Thursday, April 25, 2013

We could use more of this!

In her blog post The Well-Ordered Life, Jennifer Fulwiler makes a point that needs constant repeating: that the Church's teachings offer a coherent, fulfilling (but not always easy) way of life, a way that stands in increasingly appealing contrast to the Way of the World, as the latter goes merrily off the deep end.

And very usefully, she observes that "It's amazing, in fact, to see how naturally your priorities fall into proper order when you make even a basic effort to follow the ancient teachings and traditions of the Church." [emphasis added] Lest you think this observation hasn't cost her some discomfort, I encourage you to read her entire post.

Note: this comes from the National Catholic Register, not the National "Catholic" Reporter.

Wednesday, April 24, 2013

A last small gift

Fr. Frank Pavone (of Priests for Life) has asked officials for after-trial custody of the remains of the forty-five infants killed by abortionist Kermit Gosnell and his staff, whose deaths are the subject of the current murder case that will soon go to jury. Fr. Pavone wants to give the infants a decent burial, as human beings deserve.

I have no idea whether he'll succeed. But I do think it's an artful move, in that it draws fresh attention to the fundamental issue of the humanity of these small and helpless victims.

I hope that every American of goodwill can agree that (1) these infants, whether killed in utero or after delivery, were members to some degree of the human race, and (2) the natural virtue that I hope we can still call "common" decency leads us to grant them the respect of a burial fitting for human beings.

We don't really need to settle the Great Question of whether these infants were full-fledged "persons" with an absolute right to decent treatment of their remains. We only have to agree that we, the living, have enough human pity and generosity left in us to grant these forty-five dead creatures, whatever their precise legal and philosophical status may be, the tiny last gift of a respectful interment.

Maybe they have a right to it. Maybe they don't. But can't we just let someone give them that gift?

Tuesday, April 23, 2013

Sorry, Lord, I can't hear you...

I left a comment at Dr. Greg Popcak's Patheos blog earlier today. I've edited it a bit as a standalone blog entry here.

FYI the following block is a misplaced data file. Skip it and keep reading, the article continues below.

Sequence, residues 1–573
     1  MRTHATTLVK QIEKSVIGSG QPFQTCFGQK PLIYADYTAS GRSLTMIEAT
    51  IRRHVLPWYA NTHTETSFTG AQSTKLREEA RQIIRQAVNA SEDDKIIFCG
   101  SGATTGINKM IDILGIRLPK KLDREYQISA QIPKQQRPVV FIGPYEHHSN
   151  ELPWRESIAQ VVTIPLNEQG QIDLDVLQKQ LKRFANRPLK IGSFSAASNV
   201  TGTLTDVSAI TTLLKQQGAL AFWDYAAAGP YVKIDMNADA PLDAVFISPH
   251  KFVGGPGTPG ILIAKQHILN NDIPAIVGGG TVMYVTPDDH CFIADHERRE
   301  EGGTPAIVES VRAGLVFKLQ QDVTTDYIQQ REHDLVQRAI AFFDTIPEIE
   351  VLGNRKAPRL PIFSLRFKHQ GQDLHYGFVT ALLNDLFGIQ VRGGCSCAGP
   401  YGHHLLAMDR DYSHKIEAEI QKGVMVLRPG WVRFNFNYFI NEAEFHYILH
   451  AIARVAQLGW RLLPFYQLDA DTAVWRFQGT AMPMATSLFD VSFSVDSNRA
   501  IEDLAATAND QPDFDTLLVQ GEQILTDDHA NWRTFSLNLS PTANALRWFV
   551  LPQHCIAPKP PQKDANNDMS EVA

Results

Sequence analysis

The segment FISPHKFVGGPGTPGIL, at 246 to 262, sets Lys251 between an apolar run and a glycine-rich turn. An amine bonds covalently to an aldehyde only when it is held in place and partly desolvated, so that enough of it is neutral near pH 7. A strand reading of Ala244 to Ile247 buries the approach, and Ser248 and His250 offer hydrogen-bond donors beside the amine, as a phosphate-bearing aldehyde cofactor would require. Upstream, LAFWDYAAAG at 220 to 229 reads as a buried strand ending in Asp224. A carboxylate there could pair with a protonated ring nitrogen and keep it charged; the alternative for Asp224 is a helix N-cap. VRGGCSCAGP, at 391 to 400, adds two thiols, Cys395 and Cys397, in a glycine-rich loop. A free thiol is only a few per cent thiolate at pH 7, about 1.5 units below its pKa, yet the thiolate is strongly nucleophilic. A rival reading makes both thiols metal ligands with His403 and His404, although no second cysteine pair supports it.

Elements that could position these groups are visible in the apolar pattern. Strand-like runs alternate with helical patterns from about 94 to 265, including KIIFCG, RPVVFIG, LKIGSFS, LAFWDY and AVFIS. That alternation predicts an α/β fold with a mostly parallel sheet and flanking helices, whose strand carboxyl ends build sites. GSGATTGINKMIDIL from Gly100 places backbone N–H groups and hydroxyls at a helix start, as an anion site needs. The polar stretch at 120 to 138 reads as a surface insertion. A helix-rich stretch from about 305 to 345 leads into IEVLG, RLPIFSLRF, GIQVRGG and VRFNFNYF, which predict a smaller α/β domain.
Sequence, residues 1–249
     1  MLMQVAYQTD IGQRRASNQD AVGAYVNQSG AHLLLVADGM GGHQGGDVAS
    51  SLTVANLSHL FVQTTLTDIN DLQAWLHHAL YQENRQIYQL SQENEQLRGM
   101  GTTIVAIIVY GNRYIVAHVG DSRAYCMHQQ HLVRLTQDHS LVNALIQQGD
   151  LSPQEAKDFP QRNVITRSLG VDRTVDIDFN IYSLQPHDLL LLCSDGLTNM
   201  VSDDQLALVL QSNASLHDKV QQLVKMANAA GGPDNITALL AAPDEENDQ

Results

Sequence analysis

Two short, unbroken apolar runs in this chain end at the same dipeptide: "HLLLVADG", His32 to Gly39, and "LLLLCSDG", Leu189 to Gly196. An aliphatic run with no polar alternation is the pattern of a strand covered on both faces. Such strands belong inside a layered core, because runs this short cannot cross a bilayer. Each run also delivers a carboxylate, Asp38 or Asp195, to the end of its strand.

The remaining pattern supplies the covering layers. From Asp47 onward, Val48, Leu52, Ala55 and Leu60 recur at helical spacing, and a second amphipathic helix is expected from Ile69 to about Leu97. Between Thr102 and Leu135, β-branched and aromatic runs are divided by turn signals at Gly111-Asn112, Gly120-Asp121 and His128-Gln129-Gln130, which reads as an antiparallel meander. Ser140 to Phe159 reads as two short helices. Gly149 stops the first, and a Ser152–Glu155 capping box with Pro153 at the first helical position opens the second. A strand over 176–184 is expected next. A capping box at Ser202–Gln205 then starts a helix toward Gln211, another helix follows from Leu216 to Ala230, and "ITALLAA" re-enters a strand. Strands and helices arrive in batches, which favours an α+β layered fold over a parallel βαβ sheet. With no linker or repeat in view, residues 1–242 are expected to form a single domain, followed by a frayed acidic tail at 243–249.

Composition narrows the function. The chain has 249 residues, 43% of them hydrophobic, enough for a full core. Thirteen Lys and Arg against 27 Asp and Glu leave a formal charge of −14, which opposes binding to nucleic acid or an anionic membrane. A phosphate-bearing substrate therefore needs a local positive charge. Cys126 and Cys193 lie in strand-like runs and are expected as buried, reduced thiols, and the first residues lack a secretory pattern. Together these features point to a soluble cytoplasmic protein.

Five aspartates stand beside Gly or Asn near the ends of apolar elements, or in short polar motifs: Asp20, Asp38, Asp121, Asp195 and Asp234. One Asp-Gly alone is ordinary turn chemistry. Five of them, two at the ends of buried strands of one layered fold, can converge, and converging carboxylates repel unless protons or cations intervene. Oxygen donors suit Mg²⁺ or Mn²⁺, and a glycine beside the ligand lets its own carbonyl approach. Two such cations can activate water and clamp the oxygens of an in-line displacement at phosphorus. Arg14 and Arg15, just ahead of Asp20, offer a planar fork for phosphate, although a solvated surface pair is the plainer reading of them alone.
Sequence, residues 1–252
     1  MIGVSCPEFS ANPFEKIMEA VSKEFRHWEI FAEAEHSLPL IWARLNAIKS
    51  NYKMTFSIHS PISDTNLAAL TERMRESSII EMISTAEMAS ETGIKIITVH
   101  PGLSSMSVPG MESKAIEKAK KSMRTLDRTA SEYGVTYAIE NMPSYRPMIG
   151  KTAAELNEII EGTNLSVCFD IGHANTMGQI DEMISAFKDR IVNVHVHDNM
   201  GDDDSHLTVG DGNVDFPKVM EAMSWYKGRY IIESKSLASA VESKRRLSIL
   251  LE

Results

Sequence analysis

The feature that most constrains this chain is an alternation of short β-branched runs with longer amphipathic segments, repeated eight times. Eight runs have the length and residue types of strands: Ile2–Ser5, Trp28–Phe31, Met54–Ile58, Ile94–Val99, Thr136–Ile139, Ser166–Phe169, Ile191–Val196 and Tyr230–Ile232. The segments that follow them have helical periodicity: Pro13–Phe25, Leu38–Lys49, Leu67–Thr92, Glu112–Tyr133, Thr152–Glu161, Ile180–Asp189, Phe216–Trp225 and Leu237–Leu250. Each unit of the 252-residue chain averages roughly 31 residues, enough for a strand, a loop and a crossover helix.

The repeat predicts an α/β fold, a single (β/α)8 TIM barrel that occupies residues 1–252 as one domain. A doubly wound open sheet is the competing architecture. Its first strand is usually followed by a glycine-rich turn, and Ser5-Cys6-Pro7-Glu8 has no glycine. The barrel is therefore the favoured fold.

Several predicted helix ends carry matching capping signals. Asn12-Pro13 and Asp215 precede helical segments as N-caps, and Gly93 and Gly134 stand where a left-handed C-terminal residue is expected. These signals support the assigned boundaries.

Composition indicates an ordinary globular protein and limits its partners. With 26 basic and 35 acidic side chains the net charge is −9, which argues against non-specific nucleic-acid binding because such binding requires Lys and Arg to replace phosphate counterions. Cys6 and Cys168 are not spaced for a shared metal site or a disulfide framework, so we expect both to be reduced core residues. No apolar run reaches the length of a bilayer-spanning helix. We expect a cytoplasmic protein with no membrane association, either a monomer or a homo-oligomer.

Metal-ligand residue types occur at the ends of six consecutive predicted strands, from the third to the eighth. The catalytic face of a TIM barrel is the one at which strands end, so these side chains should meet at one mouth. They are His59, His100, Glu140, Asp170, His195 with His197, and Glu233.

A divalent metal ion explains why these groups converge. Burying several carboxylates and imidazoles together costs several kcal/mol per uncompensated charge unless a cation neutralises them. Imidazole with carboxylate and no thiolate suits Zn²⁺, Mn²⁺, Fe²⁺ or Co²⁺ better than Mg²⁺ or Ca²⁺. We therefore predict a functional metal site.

The headline of Dr. Popcak's post, featured at, is Why You SHOULD Bring Baby to Church. But the issue is not so much about merely bringing babies to church; the illustrative photo he provides, of a toddler in full tantrum mode, makes it clear that the real issue is Why It Shouldn't Matter to Anyone That They Can't Hear Anything Over Your Child's Fussing. And why, if it does matter to you, you're just being uncharitable. Or you hate kids.

Though my child is grown up now, I vividly recall her toddlerhood and preschool years, so I approach this topic as a fellow parent.

There are many good techniques to be found in Dr. Popcak's post, aimed at helping parents and children deal with the challenge of coming to church. What I don't see there, however, or in the enormous train of comments that follows, is sufficient pity for others at Mass whose spiritual needs may be different from those of parents and their children. For example, for the adult whose faith is hanging by a thread, who nevertheless forced himself to go to Mass that day, and who desperately needs an focused hour at that Mass to let his frayed emotions be calmed, and get his confused intellect reconnected with Truth, to let God's grace work through to his tormented heart. Imagine such a person trying hard to understand the message of that day's Gospel, but hearing instead something like this:
"At that time, Jesus said to the Pharisees, I am the Good SHRIEEEEEEEEEEEEEEK! lays down His WAAAHHHHHHHHH! know Mine and Mine know BANG! WAILLLLLLLL!!!! The Word of the Lord."
He hangs on through the Homily, hoping for the guidance he craves, but since whole sentences are inaudible over the din, that's reduced to incoherence, too.

Perhaps at that moment, something gives. His life is already full of distraction and disappointment. He can't take any more. Parents, he won't be the one scowling at you. He's beyond that. He's the one with head down, shuffling out quietly before the Credo, concluding that not even at Mass will God grant him an hour's peace.

And just outside the church door, the Enemy is waiting for him.

Parents, in your commendable efforts to bring your children to Mass, don't forget about that man who left early. That's all I ask.